Knolly’s Tunnel ...Tabaquite’s hidden treasure
By Paras Ramoutar (T&T Guardian)Aug 2, 2009
It was called the “Manicou Train”. The Trinidad Government Railways train that knitted urban communities like Port-of-Spain, San Fernando and Chaguanas to rural and agricultural communities like Tabaquite, Caparo, Brasso, Mamoral, Todds Road and Rio Claro. But, one of the most interesting features of the Jerningham Junction/Rio Claro line was the Knolly’s Tunnel at Tabaquite.
The tunnel was named after the then acting Colonial Governor of Trinidad and Tobago, Courtney Knolly, who officially opened the new system on August 20, 1898. It was an historic moment not only for the agricultural communities in the Tabaquite area, but for the people of the country as Trinidad and Tobago had become the home to the Caribbean’s longest tunnel.
The achives report that there was a great deal of pomp and ceremony and several dignitaries from Port-of-Spain were among the 220 people who witnessed the ceremonial opening which was conducted by Governor Kolly. The Tabaquite Railway Station was built just about quarter mile away. This line was closed down by this country’s first Prime Minister Dr Eric Williams on August 30, 1965, some 67 years after its official opening because it was not profitable. Now, the Couva/Tabaquite/ Talparo Regional Corporation (CTTRC) has begun a programme to have Knolly’s Tunnel proclaimed as one of the country’s historical sites.
Councillor Henry Awong, who is also president of the Tabaquite Community Council, said: “Knolly’s Tunnel remains dormant and it is a treasured piece of landscape that the Ministry of Tourism must give serious consideration to achieve some form of national and even international recognition.” Alderman Narinadath Maharaj, chairman of the Corporation’s Tourism Committee, said that his committee has asked the Ministry for $500,000 to restore the tunnel to its pristine glory. Chairman of the Corporation, Councillor Ranjit Ramnarine, pointed out that there are several historical sites and other structures which the CTTRC is giving serious consideration to gain national acknowledgment.
“With the planned demise of Caroni (1975) Limited, Central Trinidad needs some kind of economic stimulus, and we feel that tourism is the way to generate employment opportunities,” Ramnarine said. Construction of the tunnel, which took several years, was necessitated because it was found that a ridge of high ground was barring the train’s mobility to Rio Claro. Thousands of school children and other travellers specifically journeyed on the train to see the tunnel which was about a quarter mile long. Before the train entered the tunnel, the lights would come on as the train became dead dark.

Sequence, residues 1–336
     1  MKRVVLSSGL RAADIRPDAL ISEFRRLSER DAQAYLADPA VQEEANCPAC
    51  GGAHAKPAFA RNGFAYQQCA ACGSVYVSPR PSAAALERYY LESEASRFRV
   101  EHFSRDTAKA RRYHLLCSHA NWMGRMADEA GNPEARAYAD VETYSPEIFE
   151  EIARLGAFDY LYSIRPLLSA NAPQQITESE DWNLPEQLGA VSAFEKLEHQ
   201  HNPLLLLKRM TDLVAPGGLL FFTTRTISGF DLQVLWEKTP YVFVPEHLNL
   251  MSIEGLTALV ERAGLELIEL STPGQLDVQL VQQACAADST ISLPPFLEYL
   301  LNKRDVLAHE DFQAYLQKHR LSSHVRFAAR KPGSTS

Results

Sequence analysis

After the closure of the railway system, the National Alliance for Reconstruction Government opted to give life to the tunnel. Then Minister of the Environment, Lincoln Myers, recognising the historical and tourism potential of the tunnel, cleared it and beautified the entire area which spans over several acres of land. The tunnel’s entrance was cleared of tonnes of dirt, old appliances, garbage. It had become the home of several poisonous animals and insects. Two ajoupas and several dining tables were constructed. The train tracks were lifted out just after the closure, and the tracks are now filled with gravel.
To get to the tunnel, one has to either take the Guararcara Tabaquite Road, or the Tabaquite Rio Claro Road in Tabaquite and turn into John Williams Trace, turn left on the first road and proceed until one reaches the tunnel. Visiting the tunnel, one gets an aura of nostalgia, a feeling of the past. The tunnel is in need of complete refurbishing and plans are afoot to give it a new polishing and upgrade it to become Central Trinidad’s premier tourism destination. Awong said: “It is a sad affair that the Government of the day continues to ignore natural historical sites as the Knolly’s Tunnel.
“Government can still update the Knolly’s Tunnel and make it a destination for all the Commonwealth Prime Ministers who will be attending the Conference. It is an ideal spot to host them in the Central part of the nation,” Ramnarine said. “The people of Tabaquite would certainly welcome this gesture to bring our distinguished foreign guests to come and taste a rural community’s hospitality and tranquility.”http://www.youtube.com/v/JTpOVUFELBU